First Steps Toward Virtual Meeting Accessibility

Rossetti _ First Steps Toward Virtual Accessibility January 15, 2021 By: Rosemarie Rossetti

Ensuring accessibility and inclusivity must be top of mind as you plan and execute virtual events. Digital accessibility is a complex subject, but understanding some basic elements is a starting point.

Meeting professionals must work with an inclusive mindset, including ensuring that their conferences and events accommodate people with disabilities. Although many meeting planners had increased their knowledge of disability inclusion best practices in a face-to-face environment, the pivot to virtual due to the pandemic requires organizations to consider how people with disabilities will experience their online meetings—and then implement processes and tools to ensure these events are accessible, inclusive, and equitable for everyone.

While virtual accessibility is complex and encompasses a variety of human, technical, and legal compliance elements, there are some first steps meeting professionals can take to better anticipate and accommodate the needs of attendees with disabilities. True digital accessibility requires more, but these steps represent a few fundamentals.

To start, clearly state on your meeting website and in other relevant materials that accommodations will be made for people with disabilities, and explain how those requests can be submitted. To ensure that teams can follow up with individuals about those requests, ask that all accommodation requests be made at least two weeks prior to the meeting. In addition, vendors that provide these accommodations should be identified in advance. Examples of accommodations include adding closed captioning, providing a sign language interpreter, or offering to send copies of slides and handouts to the attendee in advance of the meeting.

Here is a brief overview of some of the basic accommodations that should be a part of every virtual meeting:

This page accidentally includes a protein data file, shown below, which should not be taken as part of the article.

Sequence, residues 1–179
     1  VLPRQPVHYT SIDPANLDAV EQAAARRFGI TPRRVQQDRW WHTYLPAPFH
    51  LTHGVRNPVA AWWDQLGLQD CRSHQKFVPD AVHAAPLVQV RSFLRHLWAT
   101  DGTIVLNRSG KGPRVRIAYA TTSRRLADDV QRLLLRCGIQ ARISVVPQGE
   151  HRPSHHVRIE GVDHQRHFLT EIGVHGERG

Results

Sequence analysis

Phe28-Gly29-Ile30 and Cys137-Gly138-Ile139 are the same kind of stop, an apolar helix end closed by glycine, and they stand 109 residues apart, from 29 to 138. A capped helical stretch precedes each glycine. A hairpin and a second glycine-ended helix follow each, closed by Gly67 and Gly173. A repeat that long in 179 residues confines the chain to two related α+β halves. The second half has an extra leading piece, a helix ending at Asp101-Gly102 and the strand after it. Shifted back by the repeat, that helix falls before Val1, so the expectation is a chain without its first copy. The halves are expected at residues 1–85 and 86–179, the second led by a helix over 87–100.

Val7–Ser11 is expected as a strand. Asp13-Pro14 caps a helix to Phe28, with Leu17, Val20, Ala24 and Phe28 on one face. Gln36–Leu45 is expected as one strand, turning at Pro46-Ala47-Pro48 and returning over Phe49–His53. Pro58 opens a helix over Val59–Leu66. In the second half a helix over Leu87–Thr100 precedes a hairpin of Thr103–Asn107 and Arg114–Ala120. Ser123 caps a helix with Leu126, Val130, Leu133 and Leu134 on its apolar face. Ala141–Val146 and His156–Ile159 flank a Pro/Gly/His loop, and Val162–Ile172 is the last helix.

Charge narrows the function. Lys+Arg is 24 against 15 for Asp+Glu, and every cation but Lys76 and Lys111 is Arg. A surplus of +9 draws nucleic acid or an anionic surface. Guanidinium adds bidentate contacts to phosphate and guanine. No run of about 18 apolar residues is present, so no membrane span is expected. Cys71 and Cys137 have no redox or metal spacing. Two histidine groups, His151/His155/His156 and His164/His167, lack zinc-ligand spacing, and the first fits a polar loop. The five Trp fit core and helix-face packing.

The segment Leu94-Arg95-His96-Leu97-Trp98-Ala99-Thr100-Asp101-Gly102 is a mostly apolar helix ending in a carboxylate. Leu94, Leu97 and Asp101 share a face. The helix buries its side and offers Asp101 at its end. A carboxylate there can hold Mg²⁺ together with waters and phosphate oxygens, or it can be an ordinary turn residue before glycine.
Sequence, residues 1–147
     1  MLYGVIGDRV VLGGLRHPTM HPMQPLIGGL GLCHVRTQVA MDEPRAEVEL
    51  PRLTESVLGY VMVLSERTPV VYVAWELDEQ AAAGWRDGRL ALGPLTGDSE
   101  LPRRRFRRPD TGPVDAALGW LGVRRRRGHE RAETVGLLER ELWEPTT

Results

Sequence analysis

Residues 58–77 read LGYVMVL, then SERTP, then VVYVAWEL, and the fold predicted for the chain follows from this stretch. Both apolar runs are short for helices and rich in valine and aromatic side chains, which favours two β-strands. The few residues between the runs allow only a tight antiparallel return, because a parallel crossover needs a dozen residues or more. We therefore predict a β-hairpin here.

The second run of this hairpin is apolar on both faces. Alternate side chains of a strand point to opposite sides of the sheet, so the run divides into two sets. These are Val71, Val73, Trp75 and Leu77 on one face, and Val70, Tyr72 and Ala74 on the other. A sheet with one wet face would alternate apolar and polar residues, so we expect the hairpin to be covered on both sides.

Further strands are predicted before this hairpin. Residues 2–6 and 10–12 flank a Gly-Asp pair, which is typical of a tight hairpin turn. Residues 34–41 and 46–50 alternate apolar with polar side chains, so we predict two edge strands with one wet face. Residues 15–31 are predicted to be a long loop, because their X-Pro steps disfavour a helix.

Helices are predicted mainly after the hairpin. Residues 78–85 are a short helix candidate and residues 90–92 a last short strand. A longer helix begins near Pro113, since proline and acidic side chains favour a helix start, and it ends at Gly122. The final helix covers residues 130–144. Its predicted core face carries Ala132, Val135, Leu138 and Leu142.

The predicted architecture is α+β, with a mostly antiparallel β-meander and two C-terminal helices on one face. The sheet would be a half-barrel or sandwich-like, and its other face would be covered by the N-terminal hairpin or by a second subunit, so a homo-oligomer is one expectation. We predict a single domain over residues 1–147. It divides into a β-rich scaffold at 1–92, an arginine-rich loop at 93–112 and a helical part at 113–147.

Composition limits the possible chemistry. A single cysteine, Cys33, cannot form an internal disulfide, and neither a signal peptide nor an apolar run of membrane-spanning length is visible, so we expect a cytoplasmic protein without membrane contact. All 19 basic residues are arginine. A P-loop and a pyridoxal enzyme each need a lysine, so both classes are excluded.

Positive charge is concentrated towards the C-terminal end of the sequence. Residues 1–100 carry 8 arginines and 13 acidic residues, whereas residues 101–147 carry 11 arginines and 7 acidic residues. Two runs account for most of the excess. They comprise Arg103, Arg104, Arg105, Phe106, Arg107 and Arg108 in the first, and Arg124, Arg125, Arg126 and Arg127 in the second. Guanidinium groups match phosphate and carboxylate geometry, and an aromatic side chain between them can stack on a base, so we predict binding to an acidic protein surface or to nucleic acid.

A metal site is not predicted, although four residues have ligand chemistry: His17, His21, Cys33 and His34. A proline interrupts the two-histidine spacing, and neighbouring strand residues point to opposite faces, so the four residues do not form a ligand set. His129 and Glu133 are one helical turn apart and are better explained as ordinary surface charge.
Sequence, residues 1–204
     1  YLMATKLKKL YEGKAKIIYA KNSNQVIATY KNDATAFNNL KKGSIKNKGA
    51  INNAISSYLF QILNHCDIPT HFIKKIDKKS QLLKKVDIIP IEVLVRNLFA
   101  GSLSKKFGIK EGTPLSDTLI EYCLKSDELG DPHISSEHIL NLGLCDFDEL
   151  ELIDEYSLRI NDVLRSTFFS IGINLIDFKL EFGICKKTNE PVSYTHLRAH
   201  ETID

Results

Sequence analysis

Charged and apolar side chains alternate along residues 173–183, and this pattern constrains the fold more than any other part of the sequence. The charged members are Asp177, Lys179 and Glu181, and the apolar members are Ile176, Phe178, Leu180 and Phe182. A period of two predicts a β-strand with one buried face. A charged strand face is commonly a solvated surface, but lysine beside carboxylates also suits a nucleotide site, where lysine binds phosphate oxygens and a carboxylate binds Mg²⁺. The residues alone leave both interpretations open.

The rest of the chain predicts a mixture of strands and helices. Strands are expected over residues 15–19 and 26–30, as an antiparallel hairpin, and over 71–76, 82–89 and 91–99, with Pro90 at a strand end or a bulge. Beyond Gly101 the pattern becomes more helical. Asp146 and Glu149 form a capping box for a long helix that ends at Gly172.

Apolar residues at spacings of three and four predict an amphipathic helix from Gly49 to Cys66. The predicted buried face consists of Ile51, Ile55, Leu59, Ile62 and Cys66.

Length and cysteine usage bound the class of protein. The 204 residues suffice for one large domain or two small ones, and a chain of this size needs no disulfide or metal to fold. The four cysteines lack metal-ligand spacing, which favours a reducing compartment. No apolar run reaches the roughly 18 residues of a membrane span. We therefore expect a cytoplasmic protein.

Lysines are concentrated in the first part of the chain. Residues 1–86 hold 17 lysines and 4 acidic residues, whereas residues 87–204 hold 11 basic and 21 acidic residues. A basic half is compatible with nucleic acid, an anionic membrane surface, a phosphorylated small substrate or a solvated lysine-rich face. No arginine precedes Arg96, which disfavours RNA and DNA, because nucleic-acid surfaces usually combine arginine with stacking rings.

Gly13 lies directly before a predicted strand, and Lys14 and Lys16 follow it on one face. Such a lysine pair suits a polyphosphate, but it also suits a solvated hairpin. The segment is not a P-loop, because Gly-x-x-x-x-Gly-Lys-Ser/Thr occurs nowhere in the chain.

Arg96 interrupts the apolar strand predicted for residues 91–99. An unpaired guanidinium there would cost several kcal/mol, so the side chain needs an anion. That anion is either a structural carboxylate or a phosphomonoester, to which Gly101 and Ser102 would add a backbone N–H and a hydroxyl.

Closed captioning. While necessary for those who are deaf or hearing impaired, this accommodation can benefit all participants since most people are visual learners. When people can read captions, they are better able to understand and remember. Plus, a transcript can be sent post-meeting, which reduces the need for attendees to take notes and serves as a great resource for future reference.

Some virtual platforms have a feature that allows the participant to enlarge the size of the captioning font. During the meeting kickoff, the moderator should give participants instructions on how to enlarge the font size.

If the group’s size is manageable, the moderator or presenter also should consider letting participants introduce themselves. This is especially important for those who are blind or visually impaired, since they may not be able to see the other participants’ faces on their screens.

Sign language interpreter. If a sign language interpreter is being used to assist participants who are deaf, provide instructions in advance of the meeting about how to pin the video of the interpreter on their screen so that they can be seen at all times.

Speakers can also help by being mindful of the needs of people with a hearing disability. For example, they should be told to face the camera lens at all times when talking so that their lips can be read by the attendees. The speaker should also be visible on a larger screen window than the participants.

Slides and handouts. Also keep in mind the accessibility of meeting materials, including slides and handouts. If people are attending who are blind or vision impaired, let speakers know in advance so that they can narrate and briefly describe the visuals and graphics on each slide during their session. When handouts are a part of the meeting, ask those with visual disabilities in what format they would like them prepared, and send them in advance of the meeting. A format example could be an original Word document in 18-point font.

Ultimately, meeting professionals should never assume what services or special accommodations people with disabilities need. Instead, listen to their requests and ask them for suggestions on what can be done to best accommodate their needs. Taking these initial steps will help people with disabilities to feel welcome and included and to participate more fully in your virtual event.

Rosemarie Rossetti

Rosemarie Rossetti, Ph.D., is a speaker, trainer, author, consultant, and president of Rossetti Enterprises, Inc. Paralyzed from the waist down after a spinal cord injury in 1998, she helps meeting professionals plan more diverse and inclusive events.